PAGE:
Monday, March 5, 2018

Norse Mythology by Neil Gaiman

I admit to a lack of interest in Neil Gaiman, but my book club chose Norse Mythology for last February's meeting.  It turns out I enjoyed this collection of Norse Sagas, despite a few anachronisms, which seemed forced in some of the tales.  A section of my graduate studies immersed me in the world of Beowulf.  Their battles and drinking mead and general carousing gave me many months of fascination.

According to the informative “Introduction, “The Norse myths are the myths of a chilly place, with long, long winter nights and endless summer days, myths of a people who did not entirely trust or even like their gods, although they respected and feared them.  As best as we can tell, the gods of Asgard came from Germany, spread into Scandinavia, and then out into the parts of the world dominated by the Vikings—into Orkney and Scotland, Ireland and the North of England—where the invaders left places named for Thor or Odin.  In English, the gods have left their names in our days of the week.  You can find Tyr, the one-handed (Odin’s son), Odin, Thor, and Frigg, the queen of the gods, in respectively, Tuesday, Wednesday, Thursday, and Friday” (12-13). 

Favorite chapter is “The Mead of Poets.”  He asks, “Do you wonder where poetry comes from?  Where we get the songs we sing and the tales we tell?  Do you ever ask yourself how it is that some people can dream great, wise, beautiful dreams and pass those dreams on to the world, to be sung and retold as long as the sun rises and sets, as long as the moon will wax and wane?  Have you ever wondered why some people make beautiful songs and poems and tales, and some of us do not?” (127).  Then the story continues, “It is a long story, and it does no credit to anyone: there is murder in it, and trickery, lies and foolishness, seduction and pursuit.  Listen! // It began not long after the dawn of time, in a war between the gods: the Aesir fought the Vanir.  The Aesir were warlike gods of battle and conquest; the Vanir were softer, brother and sister gods and goddesses who made the soil fertile and the plants grow, but none the less powerful for that” (127).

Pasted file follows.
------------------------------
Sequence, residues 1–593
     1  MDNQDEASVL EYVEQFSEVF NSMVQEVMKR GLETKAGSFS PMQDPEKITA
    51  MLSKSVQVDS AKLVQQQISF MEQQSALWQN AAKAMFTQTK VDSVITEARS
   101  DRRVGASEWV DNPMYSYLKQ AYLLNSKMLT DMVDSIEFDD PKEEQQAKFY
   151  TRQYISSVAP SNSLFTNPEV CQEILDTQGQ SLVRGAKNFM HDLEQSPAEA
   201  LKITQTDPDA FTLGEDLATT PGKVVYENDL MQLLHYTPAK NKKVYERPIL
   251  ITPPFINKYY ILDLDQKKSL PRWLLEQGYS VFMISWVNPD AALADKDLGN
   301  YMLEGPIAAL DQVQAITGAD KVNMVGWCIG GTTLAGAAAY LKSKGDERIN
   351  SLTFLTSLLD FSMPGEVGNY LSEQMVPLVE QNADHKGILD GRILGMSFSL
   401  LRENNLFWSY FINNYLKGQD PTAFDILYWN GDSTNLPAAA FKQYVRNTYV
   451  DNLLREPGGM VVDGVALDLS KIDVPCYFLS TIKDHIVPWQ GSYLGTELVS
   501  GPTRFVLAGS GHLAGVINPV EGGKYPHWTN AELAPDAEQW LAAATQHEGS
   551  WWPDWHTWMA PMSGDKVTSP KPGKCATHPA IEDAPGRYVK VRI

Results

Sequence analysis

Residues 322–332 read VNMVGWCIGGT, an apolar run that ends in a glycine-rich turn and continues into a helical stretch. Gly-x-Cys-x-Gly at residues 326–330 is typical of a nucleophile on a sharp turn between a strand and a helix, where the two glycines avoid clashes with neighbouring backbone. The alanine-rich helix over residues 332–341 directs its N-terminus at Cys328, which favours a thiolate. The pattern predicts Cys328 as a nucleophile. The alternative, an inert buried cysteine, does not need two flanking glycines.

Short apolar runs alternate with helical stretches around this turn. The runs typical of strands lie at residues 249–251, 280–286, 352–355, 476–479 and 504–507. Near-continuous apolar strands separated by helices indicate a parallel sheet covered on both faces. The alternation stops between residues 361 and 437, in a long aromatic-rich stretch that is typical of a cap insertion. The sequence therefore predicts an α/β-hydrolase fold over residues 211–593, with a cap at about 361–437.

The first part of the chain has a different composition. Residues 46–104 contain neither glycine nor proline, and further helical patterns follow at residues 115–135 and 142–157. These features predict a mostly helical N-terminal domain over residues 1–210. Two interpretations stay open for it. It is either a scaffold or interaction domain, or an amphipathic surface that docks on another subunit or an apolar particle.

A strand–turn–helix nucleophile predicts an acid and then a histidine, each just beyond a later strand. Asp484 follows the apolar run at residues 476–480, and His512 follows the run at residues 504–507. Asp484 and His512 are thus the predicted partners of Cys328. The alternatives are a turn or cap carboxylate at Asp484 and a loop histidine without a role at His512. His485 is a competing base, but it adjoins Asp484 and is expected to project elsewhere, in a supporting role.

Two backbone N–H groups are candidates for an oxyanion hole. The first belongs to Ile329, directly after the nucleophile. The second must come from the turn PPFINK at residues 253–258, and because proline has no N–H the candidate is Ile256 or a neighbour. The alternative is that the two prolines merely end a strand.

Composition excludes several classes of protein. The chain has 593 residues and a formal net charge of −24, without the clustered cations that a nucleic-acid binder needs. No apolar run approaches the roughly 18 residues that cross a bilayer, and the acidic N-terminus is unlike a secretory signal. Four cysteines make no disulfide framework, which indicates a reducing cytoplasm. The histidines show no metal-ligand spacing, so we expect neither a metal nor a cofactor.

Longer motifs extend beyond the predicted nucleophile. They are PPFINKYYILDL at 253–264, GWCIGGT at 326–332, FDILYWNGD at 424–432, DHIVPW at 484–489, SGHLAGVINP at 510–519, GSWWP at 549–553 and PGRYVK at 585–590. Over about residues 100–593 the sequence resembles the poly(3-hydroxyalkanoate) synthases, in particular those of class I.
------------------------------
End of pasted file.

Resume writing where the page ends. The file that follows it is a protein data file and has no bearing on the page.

Odin desired a secret stash of mead held by Suttung.  The tale continues, “Gunnlod, the daughter of Suttung, stood in the cavern in front of a locked door, behind which were the vats called Son and Bodn and the kettle Odrerir.  She held a sharp sword in her hands, and she sang to herself as she stood. // ‘Well met, brave maiden!’ said Odin. // Gunnlod stared at him.  ‘I do not know who you are,’ she said.  ‘Name yourself stranger, and tell me why I should let you live.  I am Gunnlod, guardian of this place’” (146). 

Gaiman refers to these people as “Vikings,” but my OED first lists the term in the early years of the 19th century.  They knew their ancestors as Norsemen.  Another item was the reference to “seconds” as passage of time (168), and a reference to “The world moved beneath him.  The wind blew about him.  He went even faster, so fast that the air itself boomed with the sound of his passing” (192).  I think this may end in an epic battle among the gods, which far exceeds the comic book heroes in my eyes!

Despite these minor annoyances, Neil Gaiman’s volume of Norse sagas proved highly entertaining.  Find a bottle of mead at your local beverage outlet and trace the journeys and adventures of these most interesting figures.  (4-1/2 Stars).

--Chiron, 2/17/18

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